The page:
Posted by on May 1, 2019 in Blog, Hodgkin's lymphoma, Leukemia, Lymphoma, Non-Hodgkin lymphoma | 0 comments

Since the Human Genome Project published the first draft of the human genome in February 2001, there has been a boom in research and new technologies around genetics. The project revealed that humans have around 20,500 genes. Around 3 million base pairs make up these genes.

CRISPR is a new technology that has arisen from this groundbreaking Human Genome Project. You have probably heard the acronym before but here is a video that will help you to understand it better.

CRISPR and CAR-T cell therapy

Along with the genetic disorders that could be “fixed” using CRISPR, researchers are looking at “fixing” negative side effects that have arisen with other new treatment technologies. One of the new treatments, Chimeric antigen receptor T (CAR-T) cell therapy, has a side effect that has been challenging: cytokine release syndrome.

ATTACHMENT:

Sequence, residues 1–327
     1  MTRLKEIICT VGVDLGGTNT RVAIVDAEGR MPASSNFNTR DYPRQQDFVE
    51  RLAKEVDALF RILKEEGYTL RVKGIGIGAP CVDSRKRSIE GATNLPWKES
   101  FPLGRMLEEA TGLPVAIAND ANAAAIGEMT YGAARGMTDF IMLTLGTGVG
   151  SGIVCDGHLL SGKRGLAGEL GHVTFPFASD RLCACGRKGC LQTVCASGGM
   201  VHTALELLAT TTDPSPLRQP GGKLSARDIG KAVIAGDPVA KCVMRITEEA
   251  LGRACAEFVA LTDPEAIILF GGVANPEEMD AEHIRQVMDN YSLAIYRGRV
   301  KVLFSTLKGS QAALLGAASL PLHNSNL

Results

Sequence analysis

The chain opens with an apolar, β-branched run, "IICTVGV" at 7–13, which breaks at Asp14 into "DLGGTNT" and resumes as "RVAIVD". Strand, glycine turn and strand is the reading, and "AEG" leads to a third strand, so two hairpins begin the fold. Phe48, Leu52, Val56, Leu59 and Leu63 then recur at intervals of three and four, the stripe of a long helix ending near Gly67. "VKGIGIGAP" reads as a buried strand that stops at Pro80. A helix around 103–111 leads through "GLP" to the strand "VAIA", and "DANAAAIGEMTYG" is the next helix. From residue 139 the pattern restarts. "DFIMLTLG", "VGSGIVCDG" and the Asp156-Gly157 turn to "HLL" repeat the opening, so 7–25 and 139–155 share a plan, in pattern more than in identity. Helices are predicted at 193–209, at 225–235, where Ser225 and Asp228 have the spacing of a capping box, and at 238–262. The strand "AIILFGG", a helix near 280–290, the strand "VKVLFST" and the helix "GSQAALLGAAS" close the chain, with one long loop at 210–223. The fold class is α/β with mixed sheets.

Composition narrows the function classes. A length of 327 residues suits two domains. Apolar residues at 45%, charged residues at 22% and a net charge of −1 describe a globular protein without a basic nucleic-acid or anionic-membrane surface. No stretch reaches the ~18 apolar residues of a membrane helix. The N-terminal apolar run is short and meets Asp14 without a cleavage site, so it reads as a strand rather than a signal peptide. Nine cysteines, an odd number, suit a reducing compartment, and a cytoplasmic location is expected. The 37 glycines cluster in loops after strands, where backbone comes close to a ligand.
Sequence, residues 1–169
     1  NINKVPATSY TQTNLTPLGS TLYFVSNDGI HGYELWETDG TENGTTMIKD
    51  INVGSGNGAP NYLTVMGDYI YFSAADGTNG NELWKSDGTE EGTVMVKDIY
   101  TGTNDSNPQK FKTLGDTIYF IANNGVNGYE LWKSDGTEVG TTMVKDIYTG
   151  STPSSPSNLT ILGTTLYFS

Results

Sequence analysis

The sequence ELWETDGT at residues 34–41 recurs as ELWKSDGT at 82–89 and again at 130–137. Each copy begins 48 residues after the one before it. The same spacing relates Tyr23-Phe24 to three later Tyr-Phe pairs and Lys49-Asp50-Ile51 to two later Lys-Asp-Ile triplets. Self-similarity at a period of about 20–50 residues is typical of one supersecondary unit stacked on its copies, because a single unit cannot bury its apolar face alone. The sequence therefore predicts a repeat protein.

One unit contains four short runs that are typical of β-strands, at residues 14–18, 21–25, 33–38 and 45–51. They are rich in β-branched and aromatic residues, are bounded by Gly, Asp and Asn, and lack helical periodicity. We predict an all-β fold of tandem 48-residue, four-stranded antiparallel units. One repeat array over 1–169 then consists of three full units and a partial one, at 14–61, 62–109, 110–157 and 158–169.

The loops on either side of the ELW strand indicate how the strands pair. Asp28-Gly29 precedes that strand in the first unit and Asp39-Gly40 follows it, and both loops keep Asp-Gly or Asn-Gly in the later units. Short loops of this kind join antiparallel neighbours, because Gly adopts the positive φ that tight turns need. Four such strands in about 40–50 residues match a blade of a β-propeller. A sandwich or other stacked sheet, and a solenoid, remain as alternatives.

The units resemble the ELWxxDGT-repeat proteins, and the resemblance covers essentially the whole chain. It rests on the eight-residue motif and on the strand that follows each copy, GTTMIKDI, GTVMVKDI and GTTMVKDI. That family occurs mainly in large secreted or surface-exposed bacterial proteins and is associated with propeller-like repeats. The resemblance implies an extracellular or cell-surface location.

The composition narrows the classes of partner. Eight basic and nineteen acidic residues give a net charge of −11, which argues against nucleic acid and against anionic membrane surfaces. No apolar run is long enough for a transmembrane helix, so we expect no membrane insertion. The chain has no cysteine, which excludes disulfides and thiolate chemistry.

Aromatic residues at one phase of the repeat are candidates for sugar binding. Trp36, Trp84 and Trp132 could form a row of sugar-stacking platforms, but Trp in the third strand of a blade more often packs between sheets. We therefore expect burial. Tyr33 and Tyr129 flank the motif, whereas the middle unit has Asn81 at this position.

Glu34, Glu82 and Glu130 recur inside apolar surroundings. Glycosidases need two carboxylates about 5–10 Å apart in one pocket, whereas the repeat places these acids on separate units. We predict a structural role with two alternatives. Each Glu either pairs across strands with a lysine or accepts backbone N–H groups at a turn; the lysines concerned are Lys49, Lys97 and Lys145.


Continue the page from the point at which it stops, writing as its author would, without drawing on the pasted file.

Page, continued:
The immune system releases cytokines like interferon and interleukin, which cause fever and activates the immune system.



Unfortunately, cytokine release syndrome is a huge and rapid release of these cytokines into the bloodstream. When this happens, low blood pressure, difficulty breathing, headache, fever and neurotoxicity are among the symptoms. Severe cytokine release syndrome requires hospitalization and intensive treatment and can be fatal.

Researchers have learned that two particular blood cells called monocytes and macrophages may be implicated in the release of these cytokines. They tested two strategies, one utilized an antibody to block the protein (granulocyte-macrophage colony-stimulating factor or GM-CSF)that stimulate these two blood cell types to produce cytokines. was effective in reducing cytokine release syndrome.

They also used CRISPR to create CAR-T cells that didn’t produce any GM-CSF protein. These new modified CAR-T cells also reduced cytokine release syndrome and were as effective as non-modified CAR-T cells.